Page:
ESA’s Sun-watching Proba-2 minisatellite shows the aftermath of 18 February 2014’s ‘coronal mass ejection’
The Sun during a solar flare causing extra radiation


The Blue Dot mission continued long-standing experiments on the International Space Station into the space environment


Radiation levels in space are up to 15 times higher than on Earth. As soon as humans leave the protective shield that is Earth’s atmosphere, space radiation becomes a serious concern.

Placing radiation detectors on Station

DOSIS-3D helps to understand space radiation and how it penetrates the Space Station walls. Active and passive radiation detectors are used to map radiation in all modules.

The European Columbus laboratory is monitored by 11 passive dosimeters. The dosimeters are about the size of a pack of playing cards and attached to the walls of Columbus with Velcro. The detectors record how much radiation has been absorbed in total during the period they are in space.

This experiment has been monitoring radiation levels for a number of years and after each six-month crew rotation, the detectors are replaced to record changes in radiation. Alexander Gerst removed the old set of dosimeters from Columbus, pack them for return to Earth, and stick a new set to the walls.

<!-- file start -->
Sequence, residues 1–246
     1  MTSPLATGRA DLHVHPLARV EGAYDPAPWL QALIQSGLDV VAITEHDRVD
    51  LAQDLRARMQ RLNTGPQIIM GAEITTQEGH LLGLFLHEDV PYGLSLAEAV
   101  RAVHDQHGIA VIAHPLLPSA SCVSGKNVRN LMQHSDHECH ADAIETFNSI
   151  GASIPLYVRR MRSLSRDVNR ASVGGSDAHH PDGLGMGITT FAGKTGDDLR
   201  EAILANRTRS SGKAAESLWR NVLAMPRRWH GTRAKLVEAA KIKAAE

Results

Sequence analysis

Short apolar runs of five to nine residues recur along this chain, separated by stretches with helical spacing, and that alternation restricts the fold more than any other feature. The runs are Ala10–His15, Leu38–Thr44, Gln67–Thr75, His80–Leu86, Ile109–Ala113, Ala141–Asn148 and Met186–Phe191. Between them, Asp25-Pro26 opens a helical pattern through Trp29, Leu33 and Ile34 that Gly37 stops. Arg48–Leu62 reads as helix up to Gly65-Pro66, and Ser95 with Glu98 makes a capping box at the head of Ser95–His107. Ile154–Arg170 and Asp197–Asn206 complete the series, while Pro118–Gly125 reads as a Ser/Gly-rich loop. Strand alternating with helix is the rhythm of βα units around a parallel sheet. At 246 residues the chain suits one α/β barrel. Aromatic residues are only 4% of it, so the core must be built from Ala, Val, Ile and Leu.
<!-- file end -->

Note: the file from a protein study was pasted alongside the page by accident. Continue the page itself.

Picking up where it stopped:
In addition to the passive detectors, DOSIS-3D uses active dosimeters that measure fluctuations in radiation levels over time. Data from all Station partners is shared to create as complete a picture of space radiation as possible.



SOLAR is a combination of instruments placed on the outside of Europe’s Columbus laboratory which together measure the Sun’s output with unprecedented accuracy from the infrared to the ultraviolet.

SOLAR is run automatically from the ground and uses its sensors to measure the Sun’s temperature. The Sun is an enormous ball of fusion and the source of energy for most of life on Earth. The more we understand our Sun, the better we can protect life on Earth and our satellites in space.

To predict how the Sun will behave, scientists create complex computer models to build a virtual star. With more data, scientists can fine-tune their models.

Last update: 8 January 2015

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